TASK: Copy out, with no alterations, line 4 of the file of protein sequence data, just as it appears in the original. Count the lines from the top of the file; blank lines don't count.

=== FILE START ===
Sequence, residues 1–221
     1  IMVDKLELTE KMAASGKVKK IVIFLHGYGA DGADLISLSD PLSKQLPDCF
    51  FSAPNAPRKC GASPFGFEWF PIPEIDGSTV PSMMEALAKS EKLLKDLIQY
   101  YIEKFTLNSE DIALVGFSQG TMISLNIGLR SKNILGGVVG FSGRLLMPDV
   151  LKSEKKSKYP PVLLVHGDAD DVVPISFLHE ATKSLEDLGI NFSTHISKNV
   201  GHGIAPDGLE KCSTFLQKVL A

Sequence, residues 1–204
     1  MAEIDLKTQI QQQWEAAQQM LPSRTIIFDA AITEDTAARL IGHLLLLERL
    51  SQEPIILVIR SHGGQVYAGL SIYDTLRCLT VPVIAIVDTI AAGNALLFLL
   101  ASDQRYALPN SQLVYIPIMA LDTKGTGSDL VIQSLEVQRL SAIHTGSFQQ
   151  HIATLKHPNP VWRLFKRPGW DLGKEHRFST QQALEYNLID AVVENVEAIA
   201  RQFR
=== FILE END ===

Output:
   101  YIEKFTLNSE DIALVGFSQG TMISLNIGLR SKNILGGVVG FSGRLLMPDV